Some types of feedback may seem obvious, but if you study games, you will notice that many of them do not communicate to the player adequately and the player is left wondering what he supposed to be doing.

  The first two types of feedback in the list are self-explanatory. They are what I would call generic feedback, comprising the obvious animations and sounds that you would naturally expect to find in a game. The other forms of


  feedback are most likely to be a combination of audio and visual but it is the context and the way in which they are delivered to the player that is impor- tant here. Action feedback is the information a player receives as a result of his actions. You might be thinking, ‘that’s audio and visual feedback’, and you’d be right, but you get audio and visual feedback constantly whatever you are doing in a game. You need to be able to label the feedback pertinent to the player’s actions. A game is after all, a series of actions, decisions and chal- lenges executed by the player.

  When you label feedback, not only does it make for a better game, it becomes clear to all involved in the development of the game, what is required for the game to exist. Think about what information you want to communicate when a player performs an action in the game!

  Action–Reaction–Feedback or, as some people say, ‘Cause and effect’. Feedback should be embedded into the gameplay, not simply used as a visual and audio tool for effects purposes. When the player is playing the game, he needs to be informed of how he is performing, particularly at key stages throughout the game.

  With more of the mass-market playing games today, players often need to be taught how to play the game from the start. This is known as the mentor, or informative type of feedback. A good example of the mentor can be seen in Black and White™. The two characters that float across the screen, toying with the player to take different paths into the game, while at the same time teaching the player how to play the game, represent the good and the bad mentor. The great thing about this is that it’s done in a jovial way, which makes it fun to be taught.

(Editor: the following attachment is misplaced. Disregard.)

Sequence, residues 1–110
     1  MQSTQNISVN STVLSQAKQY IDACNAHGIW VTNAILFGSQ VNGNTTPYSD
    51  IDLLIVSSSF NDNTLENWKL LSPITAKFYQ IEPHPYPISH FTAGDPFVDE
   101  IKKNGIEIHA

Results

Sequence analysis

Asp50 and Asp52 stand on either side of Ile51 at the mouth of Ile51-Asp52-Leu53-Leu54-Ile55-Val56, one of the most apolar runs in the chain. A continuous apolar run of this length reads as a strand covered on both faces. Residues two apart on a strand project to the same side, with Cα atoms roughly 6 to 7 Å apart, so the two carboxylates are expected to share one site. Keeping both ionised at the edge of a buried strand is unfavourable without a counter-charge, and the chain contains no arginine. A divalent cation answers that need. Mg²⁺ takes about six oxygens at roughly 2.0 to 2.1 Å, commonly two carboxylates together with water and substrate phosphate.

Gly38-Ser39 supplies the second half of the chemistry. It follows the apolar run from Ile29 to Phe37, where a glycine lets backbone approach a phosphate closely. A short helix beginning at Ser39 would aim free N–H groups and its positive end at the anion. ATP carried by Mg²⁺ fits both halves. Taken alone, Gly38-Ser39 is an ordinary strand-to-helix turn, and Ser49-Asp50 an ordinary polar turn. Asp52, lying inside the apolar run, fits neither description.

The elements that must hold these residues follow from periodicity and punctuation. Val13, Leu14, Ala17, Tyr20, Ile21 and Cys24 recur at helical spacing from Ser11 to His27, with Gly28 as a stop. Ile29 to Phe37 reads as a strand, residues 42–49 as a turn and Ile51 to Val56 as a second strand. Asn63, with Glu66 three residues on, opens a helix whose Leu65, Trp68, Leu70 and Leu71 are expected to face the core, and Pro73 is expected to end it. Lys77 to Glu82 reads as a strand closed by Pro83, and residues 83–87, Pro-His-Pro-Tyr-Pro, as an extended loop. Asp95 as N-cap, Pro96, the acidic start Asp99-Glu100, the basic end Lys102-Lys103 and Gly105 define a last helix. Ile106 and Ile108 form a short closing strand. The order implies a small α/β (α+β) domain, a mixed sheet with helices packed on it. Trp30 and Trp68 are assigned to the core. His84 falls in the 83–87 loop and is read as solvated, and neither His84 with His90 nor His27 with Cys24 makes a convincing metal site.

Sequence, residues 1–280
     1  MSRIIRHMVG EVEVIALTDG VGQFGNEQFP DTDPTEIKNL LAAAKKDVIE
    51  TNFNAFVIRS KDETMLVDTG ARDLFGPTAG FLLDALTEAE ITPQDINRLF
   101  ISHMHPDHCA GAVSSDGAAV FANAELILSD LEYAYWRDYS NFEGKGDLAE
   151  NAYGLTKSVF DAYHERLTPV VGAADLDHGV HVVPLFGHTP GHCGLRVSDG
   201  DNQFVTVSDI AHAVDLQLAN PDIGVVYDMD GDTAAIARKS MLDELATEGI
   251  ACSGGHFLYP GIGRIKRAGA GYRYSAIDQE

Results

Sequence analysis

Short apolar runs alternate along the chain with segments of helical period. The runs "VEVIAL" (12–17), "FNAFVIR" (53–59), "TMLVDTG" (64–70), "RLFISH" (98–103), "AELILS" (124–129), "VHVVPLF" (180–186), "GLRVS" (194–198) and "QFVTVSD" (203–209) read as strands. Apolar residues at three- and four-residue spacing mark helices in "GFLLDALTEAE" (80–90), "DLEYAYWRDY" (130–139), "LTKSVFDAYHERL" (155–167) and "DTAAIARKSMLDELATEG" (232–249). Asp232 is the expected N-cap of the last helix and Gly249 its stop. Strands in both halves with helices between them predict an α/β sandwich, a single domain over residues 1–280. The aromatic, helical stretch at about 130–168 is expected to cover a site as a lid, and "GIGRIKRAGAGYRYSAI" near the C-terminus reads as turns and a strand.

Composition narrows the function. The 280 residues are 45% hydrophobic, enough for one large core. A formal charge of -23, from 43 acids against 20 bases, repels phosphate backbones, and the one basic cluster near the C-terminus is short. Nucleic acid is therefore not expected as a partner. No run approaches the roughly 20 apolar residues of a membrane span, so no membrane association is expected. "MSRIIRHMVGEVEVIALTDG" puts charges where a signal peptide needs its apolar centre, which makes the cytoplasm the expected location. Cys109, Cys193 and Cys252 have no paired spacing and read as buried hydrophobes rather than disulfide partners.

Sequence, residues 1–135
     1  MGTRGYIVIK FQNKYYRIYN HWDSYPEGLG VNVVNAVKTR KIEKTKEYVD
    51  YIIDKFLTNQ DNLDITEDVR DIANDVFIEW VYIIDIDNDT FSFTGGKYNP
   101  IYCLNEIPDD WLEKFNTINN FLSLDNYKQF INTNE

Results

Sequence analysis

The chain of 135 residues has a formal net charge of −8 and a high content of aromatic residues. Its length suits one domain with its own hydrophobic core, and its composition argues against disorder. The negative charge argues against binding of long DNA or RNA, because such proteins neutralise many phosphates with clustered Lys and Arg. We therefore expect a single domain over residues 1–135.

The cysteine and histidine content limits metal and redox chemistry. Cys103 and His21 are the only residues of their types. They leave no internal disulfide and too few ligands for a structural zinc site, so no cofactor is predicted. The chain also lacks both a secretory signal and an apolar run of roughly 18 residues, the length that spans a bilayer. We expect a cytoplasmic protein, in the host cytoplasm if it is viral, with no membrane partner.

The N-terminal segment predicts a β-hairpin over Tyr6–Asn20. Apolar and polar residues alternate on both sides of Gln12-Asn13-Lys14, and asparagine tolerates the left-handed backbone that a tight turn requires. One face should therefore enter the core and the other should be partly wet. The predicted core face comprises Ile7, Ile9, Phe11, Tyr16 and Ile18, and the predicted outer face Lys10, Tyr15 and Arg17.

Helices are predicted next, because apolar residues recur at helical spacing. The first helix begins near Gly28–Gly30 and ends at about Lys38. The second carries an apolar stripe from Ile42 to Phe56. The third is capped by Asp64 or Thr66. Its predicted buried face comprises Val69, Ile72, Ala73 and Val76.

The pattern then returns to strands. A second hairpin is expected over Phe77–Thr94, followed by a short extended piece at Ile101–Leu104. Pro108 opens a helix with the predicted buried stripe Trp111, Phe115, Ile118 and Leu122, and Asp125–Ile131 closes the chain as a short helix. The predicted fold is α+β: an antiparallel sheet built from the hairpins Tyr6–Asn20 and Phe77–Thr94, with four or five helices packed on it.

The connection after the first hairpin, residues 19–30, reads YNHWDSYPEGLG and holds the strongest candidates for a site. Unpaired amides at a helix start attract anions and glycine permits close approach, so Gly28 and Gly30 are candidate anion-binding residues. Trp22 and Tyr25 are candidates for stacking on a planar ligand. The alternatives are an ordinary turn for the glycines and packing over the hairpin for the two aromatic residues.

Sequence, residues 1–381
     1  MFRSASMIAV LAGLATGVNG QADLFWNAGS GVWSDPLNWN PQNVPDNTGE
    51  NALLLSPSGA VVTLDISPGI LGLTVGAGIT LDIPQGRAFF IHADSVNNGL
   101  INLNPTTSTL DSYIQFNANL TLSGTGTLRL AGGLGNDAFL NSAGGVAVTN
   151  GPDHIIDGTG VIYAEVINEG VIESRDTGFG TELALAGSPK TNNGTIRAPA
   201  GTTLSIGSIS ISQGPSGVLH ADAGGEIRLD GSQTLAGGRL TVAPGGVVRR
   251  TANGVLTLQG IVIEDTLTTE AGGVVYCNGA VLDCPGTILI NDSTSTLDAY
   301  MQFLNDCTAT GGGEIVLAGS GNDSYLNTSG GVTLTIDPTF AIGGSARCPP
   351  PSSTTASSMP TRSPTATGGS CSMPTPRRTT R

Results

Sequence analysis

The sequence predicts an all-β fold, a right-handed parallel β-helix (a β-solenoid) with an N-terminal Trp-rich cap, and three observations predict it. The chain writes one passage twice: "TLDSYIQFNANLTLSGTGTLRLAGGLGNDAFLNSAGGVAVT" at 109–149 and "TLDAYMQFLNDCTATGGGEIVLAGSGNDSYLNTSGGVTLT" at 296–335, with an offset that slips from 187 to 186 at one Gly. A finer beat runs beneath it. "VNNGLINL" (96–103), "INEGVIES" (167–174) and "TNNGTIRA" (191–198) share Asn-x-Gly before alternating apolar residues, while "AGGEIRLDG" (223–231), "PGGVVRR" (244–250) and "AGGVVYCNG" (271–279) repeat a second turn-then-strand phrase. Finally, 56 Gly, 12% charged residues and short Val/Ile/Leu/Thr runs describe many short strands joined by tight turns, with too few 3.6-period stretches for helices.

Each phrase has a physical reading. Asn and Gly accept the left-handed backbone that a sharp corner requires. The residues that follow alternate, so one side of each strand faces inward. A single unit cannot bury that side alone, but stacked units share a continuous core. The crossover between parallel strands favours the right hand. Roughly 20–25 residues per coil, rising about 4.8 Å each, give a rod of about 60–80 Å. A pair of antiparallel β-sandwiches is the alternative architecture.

Many hardcore, die-hard gamers demand that they be dumped straight into the action, and frown upon this type of handholding. For this reason, the ‘mentor’ approach for teaching has to be an option for the player.

  A simple and perhaps perfect example of feedback that triggers an emotion can be found in Tetris. If you have never played Tetris then you’ve probably been living on Mars for the past twenty years! The ‘core objective’ of Tetris is to stop the arena from filling up with blocks, by erasing strips of fallen blocks. The blocks, which are various shapes and colour, fall from the top of the arena to the bottom. The player has to guide the blocks into position, locking the shapes together. Once you have built a solid strip across the arena, from wall to wall, they disappear, allowing the blocks above to drop down. The player has to keep the wall as low as possible, for as long as possible and prevent it from reaching the top of the player arena.

  Tetris uses a now tried and tested method for delivering tension, panic and a sense of urgency, which ultimately creates an emotional response. If the player allows the wall to get close to the top of the arena, the tempo of game- play and music increases to convey a sense of urgency. This informs the


  17 FIGURE 1.4

  Tertis players’ pieces ‘panic’ in the player. If the player manages to fix the wall and force it down again, the music slows, the player feels a great sense of achievement and the urgency is removed.

  Emotional feedback creates an emotional reaction in the player, and if you want to be a designer, you should always strive to achieve emotional feedback within your games. Many games, past, present and future, use similar tech- niques and I will be looking at them in more detail in Chapter 6.